Roger Federer is the record-man of titles of the Wimbledon men's singles; the Swiss Maestro has raised the trophy to the London sky for 8 times, surpassing, in 2017, the previous record he had with William Renshaw and Pete Sampras.
William Renshaw holds the record of titles won consecutively in the men's singles: 6, from 1881 to 1886. Todd Woodbridge holds the record of titles won in men's doubles; 9, of which 6 along with Mark Woodforde and three along with Jonas Björkman.
Woodbridge and Woodforde, with brothers Reginald Doherty and Lawrance Doherty, hold the record of consecutive titles won in men's doubles (5). Owen Davidson, Ken Fletcher and Vic Seixas have the record of titles won in the mixed doubles (4).
Williams Renshaw is the most successful men's player at Wimbledon, with a total of 14 titles won (7 in men's singles, 7 in men's doubles). Martina Navratilova holds two important records; with 9 titles she is the most successful tennis player in women's singles, and she is also the player who has won more titles consecutively in women's singles (6, from 1982 to 1987).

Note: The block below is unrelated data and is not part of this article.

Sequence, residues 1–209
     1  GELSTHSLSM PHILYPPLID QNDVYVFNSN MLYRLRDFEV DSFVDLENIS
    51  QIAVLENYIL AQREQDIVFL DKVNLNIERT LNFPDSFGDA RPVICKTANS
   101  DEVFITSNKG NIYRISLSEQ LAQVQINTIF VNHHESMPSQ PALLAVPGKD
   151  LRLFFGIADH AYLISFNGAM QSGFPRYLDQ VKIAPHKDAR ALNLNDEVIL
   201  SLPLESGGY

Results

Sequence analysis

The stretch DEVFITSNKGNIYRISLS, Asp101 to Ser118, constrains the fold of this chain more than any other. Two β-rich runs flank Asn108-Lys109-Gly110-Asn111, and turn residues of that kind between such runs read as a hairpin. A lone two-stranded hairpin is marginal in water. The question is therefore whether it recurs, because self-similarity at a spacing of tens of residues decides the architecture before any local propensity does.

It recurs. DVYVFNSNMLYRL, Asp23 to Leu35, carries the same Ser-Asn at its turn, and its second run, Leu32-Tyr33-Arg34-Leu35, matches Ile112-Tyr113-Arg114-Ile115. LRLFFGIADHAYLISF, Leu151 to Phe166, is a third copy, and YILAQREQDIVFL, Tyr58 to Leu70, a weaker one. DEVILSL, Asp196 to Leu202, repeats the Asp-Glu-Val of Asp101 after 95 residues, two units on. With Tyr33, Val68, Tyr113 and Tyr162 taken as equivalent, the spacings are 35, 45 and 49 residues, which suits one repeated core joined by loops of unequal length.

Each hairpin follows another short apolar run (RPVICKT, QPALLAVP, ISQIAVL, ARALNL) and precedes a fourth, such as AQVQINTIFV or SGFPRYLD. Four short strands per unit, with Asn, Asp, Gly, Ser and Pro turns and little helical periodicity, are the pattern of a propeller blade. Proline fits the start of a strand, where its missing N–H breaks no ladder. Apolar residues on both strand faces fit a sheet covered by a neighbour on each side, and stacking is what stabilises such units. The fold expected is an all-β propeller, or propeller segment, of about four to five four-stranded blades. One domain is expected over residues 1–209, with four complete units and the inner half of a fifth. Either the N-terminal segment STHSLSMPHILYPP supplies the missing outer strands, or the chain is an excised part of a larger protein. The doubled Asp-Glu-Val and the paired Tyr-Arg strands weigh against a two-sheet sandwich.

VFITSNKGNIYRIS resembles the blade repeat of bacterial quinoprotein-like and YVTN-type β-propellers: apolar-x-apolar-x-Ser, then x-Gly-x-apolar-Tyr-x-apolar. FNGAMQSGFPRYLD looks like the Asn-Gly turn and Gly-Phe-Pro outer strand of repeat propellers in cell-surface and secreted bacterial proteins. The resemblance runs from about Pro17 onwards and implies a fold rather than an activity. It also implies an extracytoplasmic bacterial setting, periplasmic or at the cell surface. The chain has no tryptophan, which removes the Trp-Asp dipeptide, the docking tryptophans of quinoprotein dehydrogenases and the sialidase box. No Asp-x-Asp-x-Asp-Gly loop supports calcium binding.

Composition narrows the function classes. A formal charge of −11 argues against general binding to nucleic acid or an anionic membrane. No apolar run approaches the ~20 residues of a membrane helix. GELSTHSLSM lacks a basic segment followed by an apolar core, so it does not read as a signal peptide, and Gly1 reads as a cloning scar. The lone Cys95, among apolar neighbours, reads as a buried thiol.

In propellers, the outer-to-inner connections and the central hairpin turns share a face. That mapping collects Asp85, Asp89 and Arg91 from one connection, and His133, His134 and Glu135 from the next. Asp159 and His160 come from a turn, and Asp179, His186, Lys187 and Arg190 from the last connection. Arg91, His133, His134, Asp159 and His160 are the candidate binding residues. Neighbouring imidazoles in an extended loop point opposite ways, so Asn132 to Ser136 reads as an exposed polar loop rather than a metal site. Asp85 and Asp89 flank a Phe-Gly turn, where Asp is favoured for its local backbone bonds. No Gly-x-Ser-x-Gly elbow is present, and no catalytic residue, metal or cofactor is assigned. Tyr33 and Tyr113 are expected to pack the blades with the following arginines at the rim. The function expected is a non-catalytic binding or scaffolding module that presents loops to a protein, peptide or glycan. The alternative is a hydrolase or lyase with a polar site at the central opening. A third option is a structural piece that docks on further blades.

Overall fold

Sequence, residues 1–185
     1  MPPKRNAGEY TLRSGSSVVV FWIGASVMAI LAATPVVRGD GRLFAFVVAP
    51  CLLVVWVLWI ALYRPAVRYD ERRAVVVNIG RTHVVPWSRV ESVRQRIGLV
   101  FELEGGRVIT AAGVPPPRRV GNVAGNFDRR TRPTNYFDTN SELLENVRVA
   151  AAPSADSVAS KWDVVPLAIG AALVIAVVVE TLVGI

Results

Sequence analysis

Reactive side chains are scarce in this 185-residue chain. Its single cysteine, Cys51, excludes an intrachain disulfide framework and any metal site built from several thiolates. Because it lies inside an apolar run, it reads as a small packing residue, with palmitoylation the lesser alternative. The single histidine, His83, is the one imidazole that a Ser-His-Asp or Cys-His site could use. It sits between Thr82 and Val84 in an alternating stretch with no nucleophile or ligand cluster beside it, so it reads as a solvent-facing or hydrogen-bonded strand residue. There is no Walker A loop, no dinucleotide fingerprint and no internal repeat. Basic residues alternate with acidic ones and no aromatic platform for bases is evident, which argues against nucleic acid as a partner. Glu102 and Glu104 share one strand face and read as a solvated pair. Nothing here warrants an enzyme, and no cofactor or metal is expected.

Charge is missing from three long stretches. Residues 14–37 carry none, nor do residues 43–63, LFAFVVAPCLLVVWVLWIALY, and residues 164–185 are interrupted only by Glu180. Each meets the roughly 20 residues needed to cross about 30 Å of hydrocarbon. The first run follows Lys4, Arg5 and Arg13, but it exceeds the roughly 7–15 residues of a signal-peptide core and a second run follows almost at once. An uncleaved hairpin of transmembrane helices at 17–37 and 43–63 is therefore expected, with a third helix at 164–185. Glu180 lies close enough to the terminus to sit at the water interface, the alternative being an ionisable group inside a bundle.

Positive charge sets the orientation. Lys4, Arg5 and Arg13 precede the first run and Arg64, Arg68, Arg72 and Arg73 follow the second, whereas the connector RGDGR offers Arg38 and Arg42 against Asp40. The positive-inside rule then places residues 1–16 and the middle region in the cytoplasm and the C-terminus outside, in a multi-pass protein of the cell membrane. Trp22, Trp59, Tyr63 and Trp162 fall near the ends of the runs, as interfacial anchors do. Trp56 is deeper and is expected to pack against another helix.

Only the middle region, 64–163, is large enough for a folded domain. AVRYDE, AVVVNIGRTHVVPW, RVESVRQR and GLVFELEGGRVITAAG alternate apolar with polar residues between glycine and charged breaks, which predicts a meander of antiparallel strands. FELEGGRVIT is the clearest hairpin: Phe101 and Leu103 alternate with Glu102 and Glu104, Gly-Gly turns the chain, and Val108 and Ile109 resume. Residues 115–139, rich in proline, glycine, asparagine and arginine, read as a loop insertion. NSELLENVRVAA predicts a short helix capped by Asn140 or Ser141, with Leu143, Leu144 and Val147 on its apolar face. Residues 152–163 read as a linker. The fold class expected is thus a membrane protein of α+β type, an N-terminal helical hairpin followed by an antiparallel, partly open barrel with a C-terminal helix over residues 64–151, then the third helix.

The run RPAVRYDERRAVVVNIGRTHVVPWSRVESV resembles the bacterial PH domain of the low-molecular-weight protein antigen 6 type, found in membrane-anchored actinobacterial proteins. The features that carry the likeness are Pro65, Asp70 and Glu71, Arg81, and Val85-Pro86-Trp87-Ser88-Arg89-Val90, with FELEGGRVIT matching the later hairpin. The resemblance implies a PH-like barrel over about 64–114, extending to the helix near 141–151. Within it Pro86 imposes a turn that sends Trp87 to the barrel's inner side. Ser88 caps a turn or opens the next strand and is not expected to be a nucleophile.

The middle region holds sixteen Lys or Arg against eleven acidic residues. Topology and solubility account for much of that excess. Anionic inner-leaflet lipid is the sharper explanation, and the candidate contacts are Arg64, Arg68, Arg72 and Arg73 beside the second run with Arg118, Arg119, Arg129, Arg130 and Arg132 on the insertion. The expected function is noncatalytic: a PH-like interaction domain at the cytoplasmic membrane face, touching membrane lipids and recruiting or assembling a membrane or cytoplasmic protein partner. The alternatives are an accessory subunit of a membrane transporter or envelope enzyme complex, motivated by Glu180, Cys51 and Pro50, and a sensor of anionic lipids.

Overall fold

With 12 titles, Elizabeth Ryan is the player who has won more titles in the women's doubles. Ryan and Suzanne Lenglen have the record of consecutive titles won in the women's doubles (6 titles). Ryan also holds the record of titles won in the mixed doubles, 7, in three decades, from 1919 to 1932.
Billie-Jean King and Martina Navratilova have won a total of 20 titles in London, and are therefore the most successful women's tennis players on the All England Club lawns. Among the men, Jean Borotra is the player who played most matches (223), while among the women the record holder is Martina Navratilova (326).
John Isner and Nicolas Mahut played the longest match ever at Wimbledon (11 hours 5 minutes), while in 2008 Rafael Nadal and Roger Federer played the longest final ever at Church Road (4 hours 48 minutes). In 2001 Goran Ivanisevic won the tournament starting as a wild card, and today he is the player with the lowest ranking to win (125 positions).
Boris Becker is the youngest winner of men's singles (17 years and 227 days, in 1985) while Arthur Gore is the oldest winner (41 years and 182 days, in 1909). Lottie Dod is the youngest winner of the women's singles (15 years and 285 days, in 1887) while Charlotte Cooper Sterry is the oldest winner in women's singles (37 years and 282 days, in 1908).
The USA is the most successful nation in both men's singles (33 titles) and women's singles (50 titles), with a total of 83 titles won at Wimbledon.